Measures must be taken to ensure the leveling of health service delivery so that no one is left behind.

Use technology and enable access

The future of healthcare will involve the creative and effective use of technology both to share information and education, and to enable early intervention, treatment and specialist support in remote areas.

For Sarawak, there is an urgent need for critical infrastructure to be made available across the state. Being able to get a reliable internet signal is not an adequate measure of internet accessibility.

As the school lockdown during the Covid-19 pandemic revealed, many are able to text but cannot download data, while others have no internet access at all.

By 2030, the goal should be to provide telemedicine services to all rural clinics and distribute the latest technologies (e.g. cervical and breast cancer screening) that enable early detection ailments, even in remote areas. National policy decisions, for example, “accepting online payments only” for Ministry of Health services, can worsen their access and use in already underserved areas.

Approach health holistically

I. Mental Health
Since 1990, poor mental health has been recognized as one of the leading causes of disability in Malaysia. The pandemic has increased the incidence of mental health problems. More resources are needed to close the gap between physical and mental health services, with a focus on mental health promotion and upstream preventive interventions.

ii. End-of-life palliative care and home care
Malaysia is an aging society. The development of home-based care and the extension of palliative care services in rural communities will help reduce the pressure on hospital beds.

iii. Caring for caregivers
Another gap is the lack of support for carers of the elderly and those with chronic physical and/or mental conditions, terminal illnesses or disabilities, including children with special needs. Psychosocial and financial support are needed, as are services that help share the stress of care.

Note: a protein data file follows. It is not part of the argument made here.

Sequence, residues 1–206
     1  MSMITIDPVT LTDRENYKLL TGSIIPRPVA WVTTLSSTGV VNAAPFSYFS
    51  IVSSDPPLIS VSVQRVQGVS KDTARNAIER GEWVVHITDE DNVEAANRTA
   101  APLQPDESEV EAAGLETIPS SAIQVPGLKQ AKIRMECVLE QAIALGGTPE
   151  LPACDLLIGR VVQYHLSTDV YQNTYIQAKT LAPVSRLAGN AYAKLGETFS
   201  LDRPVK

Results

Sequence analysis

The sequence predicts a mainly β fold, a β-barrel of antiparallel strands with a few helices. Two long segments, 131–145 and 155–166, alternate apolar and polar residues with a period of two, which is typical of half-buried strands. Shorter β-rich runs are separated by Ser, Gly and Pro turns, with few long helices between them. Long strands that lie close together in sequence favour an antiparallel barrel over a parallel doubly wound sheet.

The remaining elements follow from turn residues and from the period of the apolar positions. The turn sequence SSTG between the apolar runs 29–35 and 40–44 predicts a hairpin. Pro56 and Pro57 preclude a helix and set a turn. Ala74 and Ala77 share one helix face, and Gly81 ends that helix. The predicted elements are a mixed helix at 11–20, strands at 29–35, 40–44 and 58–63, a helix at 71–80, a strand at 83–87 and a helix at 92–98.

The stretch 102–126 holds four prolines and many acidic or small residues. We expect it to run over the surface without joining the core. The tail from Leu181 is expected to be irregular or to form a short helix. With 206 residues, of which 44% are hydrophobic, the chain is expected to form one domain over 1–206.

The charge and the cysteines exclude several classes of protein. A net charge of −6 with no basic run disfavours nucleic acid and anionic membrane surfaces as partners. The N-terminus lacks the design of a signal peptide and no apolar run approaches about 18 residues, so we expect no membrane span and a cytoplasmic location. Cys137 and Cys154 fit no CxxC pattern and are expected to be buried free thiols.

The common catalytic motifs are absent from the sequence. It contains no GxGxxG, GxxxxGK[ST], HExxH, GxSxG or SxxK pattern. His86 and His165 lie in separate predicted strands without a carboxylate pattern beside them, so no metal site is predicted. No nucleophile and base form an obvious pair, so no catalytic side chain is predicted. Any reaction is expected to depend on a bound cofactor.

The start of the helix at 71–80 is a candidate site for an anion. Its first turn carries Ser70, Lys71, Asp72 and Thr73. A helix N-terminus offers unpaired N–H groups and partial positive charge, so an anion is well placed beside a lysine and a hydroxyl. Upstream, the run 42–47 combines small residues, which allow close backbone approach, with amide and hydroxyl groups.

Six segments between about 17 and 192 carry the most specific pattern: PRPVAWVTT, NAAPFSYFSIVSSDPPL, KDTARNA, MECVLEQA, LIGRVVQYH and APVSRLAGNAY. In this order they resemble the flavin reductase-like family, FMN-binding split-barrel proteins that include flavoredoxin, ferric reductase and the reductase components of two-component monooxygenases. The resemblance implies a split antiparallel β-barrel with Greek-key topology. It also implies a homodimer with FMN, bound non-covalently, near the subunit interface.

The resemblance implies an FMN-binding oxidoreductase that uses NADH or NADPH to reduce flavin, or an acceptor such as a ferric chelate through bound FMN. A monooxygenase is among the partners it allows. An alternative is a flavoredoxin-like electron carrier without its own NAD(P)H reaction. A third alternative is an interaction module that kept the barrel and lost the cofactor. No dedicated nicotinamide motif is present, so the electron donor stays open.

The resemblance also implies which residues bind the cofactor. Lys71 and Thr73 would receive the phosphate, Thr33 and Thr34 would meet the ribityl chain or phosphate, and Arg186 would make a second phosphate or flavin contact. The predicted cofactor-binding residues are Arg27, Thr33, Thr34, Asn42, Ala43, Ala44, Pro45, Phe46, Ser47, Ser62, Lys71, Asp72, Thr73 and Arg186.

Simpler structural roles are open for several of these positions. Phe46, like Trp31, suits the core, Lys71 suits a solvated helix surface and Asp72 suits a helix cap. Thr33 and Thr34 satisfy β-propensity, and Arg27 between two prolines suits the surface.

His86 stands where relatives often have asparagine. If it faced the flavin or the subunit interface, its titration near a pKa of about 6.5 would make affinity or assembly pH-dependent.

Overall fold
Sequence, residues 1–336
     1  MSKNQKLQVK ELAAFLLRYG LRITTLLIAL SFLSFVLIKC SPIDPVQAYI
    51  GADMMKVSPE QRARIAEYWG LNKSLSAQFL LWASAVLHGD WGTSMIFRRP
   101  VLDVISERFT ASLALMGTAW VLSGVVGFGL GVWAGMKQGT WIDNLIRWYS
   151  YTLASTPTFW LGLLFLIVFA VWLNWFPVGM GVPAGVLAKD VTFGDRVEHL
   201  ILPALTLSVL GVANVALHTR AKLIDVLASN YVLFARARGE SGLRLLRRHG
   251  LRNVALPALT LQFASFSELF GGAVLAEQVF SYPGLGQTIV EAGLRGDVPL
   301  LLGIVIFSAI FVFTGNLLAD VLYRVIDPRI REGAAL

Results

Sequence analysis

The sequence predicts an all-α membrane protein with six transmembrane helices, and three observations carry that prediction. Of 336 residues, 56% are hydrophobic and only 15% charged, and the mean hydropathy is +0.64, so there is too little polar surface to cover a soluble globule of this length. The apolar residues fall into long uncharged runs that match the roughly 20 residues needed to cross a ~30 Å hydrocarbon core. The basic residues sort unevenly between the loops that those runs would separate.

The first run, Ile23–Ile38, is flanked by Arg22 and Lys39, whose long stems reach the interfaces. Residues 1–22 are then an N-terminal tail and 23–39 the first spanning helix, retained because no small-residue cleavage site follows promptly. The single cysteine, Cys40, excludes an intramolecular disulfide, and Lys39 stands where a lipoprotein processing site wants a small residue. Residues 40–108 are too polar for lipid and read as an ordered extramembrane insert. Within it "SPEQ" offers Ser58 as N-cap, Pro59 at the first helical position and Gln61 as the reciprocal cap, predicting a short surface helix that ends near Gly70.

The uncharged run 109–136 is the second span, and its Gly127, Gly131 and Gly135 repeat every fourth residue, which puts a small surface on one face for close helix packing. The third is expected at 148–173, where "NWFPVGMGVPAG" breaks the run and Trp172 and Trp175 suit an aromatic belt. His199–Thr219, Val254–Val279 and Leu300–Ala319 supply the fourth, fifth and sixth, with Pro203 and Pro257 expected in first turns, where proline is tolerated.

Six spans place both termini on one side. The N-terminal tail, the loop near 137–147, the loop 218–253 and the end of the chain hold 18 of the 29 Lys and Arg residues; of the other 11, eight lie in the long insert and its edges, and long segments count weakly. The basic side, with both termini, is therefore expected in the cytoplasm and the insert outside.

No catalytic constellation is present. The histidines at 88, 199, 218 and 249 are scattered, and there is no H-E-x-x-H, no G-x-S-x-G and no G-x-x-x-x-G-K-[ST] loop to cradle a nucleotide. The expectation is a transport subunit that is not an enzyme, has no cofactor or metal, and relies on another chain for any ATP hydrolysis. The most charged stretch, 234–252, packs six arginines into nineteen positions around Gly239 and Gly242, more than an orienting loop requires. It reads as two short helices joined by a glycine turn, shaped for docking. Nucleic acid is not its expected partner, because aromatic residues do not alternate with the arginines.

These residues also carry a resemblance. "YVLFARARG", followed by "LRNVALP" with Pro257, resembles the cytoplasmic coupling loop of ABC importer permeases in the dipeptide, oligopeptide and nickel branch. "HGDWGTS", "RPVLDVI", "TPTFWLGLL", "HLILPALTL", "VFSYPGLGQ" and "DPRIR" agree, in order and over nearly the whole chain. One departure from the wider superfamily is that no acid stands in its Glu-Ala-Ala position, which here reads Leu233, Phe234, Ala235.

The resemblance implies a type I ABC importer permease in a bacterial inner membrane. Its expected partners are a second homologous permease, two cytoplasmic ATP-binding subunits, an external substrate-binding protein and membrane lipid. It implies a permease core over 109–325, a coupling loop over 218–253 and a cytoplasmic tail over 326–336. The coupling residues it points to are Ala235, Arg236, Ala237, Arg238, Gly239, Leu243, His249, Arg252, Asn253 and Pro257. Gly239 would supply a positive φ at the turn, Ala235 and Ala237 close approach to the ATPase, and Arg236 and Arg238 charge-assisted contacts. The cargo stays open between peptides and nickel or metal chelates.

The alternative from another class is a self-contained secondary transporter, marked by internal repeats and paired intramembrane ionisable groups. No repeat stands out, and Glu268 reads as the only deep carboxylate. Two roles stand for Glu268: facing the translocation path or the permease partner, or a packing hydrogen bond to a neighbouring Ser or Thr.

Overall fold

iv. Early support for families with children with special needs
There needs to be a focus on early detection and diagnosis, which then leads to accessible, quality early intervention programs and inclusive education.

v. adolescent health
Adolescent health is often overlooked. Adopting strategies for their healthy development and mental well-being has a lifelong beneficial effect. Young people must have access to empathetic and non-judgmental information and treatment about health, including mental and sexual reproductive health. Greater accessibility and training in life skills could reduce the development of serious mental health problems in adulthood, suicides and sexually transmitted diseases, including HIV.

vi. Access to health care for stateless persons and foreign workers
A country can only be healthy and productive if everyone has access to it at an affordable price. This is necessary for humanitarian and practical health reasons. During the Covid-19 pandemic, vaccination was extended to everyone as it was recognized that no one would be safe unless everyone was safe.

Sarawak has many people who have been denied citizenship despite having lived their entire lives in the state. Denying them health care and access to education is not in line with United Nations human rights conventions. In the same vein, while foreign workers are now covered by life and medical insurance, their living and working environment must be monitored.

vii. Addressing the Social Determinants of Health
The social determinants of health are highlighted in the proposals, but collaborative structures that allow all departments to harmonize their efforts receive no attention.

The state of health of a nation is determined by the following factors:

  • 20% through access to quality health services;
  • 30 percent by the public adopting promoted healthy behaviors;
  • 10% by the built environment, and;
  • 40% by socio-economic factors such as poverty eradication, income security, quality education, adequate housing, and family and community support.

Investing in health means investing in all of these areas. While Sarawak ranks relatively high in terms of gross domestic product, it is the third poorest state as measured by the 2020 Estimated Household Income and Poverty Incidence report, and experiences a severe shortage of health care workers and many dilapidated clinics and schools.

Thus, the social, economic and environmental determinants must be improved to further improve the health status of the population.

Professor Andrew Kiyu is a public health medicine specialist and field epidemiologist at the Faculty of Medicine and Health Sciences, Universiti Malaysia Sarawak.

  • This is the personal opinion of the author or publication and does not necessarily represent the views of code blue.